How to Fix a Leaking Faucet

You can repair a dripping faucet with a few simple tools and inexpensive replacement parts.

  • leaking faucet
    Fixing a dripping faucet yourself will save you money (and may save your sanity).

  • leaking faucet

Drip … drip … drip. You can fix that leaking faucet that's been making you crazy. It's easier than you think — and much less expensive than hiring a plumber. And although there are many styles and models of faucets, the process of repairing a dripping faucet is similar for all of them.

Types of Faucets

The first step is to figure out what type of faucet you're trying to fix. Compression faucets control water by pressing a stopper against a metal opening inside the faucet. It's like tightening the top on a bottle: As you turn the lid, it becomes tighter until it stops liquid from pouring out. If a faucet has separate handles for hot and cold water, it's probably a compression faucet.

There are three general styles of another type — washerless faucets: ball, ceramic disc and cartridge. These all work on the same principle: aligning two holes within the faucet to allow water through and moving the holes out of alignment to stop the flow of water. Washerless faucets usually have only one handle, but some cartridge faucets have two handles.

Regardless of which type of faucet you have, leaks most often stem from plastic or rubber seals (washers, seals, O-rings) wearing out and allowing a little bit of water to sneak past. It takes only a slightly worn or damaged seal to allow a drip of water to pass by every few seconds.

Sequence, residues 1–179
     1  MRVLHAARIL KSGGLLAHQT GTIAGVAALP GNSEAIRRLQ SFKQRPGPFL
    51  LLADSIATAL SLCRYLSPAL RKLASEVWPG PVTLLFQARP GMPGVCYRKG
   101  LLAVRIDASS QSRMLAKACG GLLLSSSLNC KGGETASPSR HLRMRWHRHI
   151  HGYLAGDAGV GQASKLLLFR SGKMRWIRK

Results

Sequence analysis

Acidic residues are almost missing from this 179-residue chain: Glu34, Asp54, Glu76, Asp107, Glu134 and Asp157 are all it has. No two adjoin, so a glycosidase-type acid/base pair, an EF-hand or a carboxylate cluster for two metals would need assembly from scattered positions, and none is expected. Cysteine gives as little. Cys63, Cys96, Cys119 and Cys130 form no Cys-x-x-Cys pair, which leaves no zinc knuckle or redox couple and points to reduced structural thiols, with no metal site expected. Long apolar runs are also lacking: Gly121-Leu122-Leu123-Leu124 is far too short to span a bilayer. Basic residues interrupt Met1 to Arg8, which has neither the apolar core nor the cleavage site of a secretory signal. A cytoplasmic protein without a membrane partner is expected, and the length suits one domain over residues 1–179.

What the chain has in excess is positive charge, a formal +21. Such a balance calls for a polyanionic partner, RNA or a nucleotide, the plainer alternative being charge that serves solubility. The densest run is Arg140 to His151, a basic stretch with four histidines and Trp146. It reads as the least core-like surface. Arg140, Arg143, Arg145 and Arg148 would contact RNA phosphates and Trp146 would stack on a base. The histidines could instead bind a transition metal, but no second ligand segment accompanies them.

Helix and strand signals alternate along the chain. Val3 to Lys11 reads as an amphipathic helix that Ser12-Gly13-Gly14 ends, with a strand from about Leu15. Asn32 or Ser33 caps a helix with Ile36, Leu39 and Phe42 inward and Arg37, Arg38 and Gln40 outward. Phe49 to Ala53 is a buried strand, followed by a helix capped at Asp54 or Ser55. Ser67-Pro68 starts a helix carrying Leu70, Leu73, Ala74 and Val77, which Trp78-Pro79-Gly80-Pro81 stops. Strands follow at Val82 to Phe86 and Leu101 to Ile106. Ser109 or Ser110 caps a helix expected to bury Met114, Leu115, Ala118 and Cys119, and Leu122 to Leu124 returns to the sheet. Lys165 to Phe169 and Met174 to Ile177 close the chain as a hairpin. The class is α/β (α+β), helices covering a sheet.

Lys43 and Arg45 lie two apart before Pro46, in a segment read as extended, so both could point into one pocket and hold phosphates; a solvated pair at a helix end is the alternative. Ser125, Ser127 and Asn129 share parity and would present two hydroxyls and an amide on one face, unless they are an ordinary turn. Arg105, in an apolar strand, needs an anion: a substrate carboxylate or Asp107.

How to Fix a Faucet

Common tools you'll need for faucet repairs include screwdrivers (both flat and Phillips), pliers and a channel lock (adjustable jaw pliers). Then follow these easy steps:

  • Turn off the water supply to the sink. Valves are usually under the counter close to the wall. It's also a good idea to close the drain of the sink so any small parts that fall into the sink don't go down the drain.
  • Open the faucet to release any water pressure in the lines.
  • Remove the handle, which is usually held in place with a screw or Allen screw (screws with a hexagonal pattern in the head). The screw may be covered with a plastic, metal or rubber cover you'll need to pop off using a flat screwdriver or butter knife.
  • If the faucet has a large metal nut holding the internal parts in place, check if it's loose. Tightening that nut with a channel lock pliers may stop the leak. If not, remove the nut, screw or spring-loaded metal ring that holds the internal parts in place.
  • Pull out the internal pieces with a pair of pliers or the channel lock pliers, carefully noting how the pieces fit together. If the faucet contains a cartridge, don't take it apart; simply replace it with a new one. It's possible to install cartridges backward so you get hot water when you expect cold, and vice versa.
  • Replace the washers, O-ring or seals (and springs if there are any behind the seals in a ball faucet). Get precise replacements from the hardware store. Remember it takes only a small gap to allow water to pass through. Hot and cold assemblies may have slightly different parts.
  • If metal parts have mineral deposits on them, clean them with vinegar and a stiff-bristled brush, being careful not to scratch the metal. In some instances, the uneven metal is the cause of the leak. You can get special tools to recut the metal of some faucets to make it smooth again, but it may be just as easy to replace the whole faucet if that's the case.
  • Reassemble the pieces and turn on the water supply to test your work. It may take a few seconds for the air to get out of the line, so turn the water on slowly and expect a bit of sputtering.

Most parts of a faucet are made of soft metal that scratches easily. To protect the outside parts, cover them with masking tape before applying a plier.

Jessica Stromsky
12/30/2011 6:21:05 AM

Yea if you have never done this before it can be tough, this also helped



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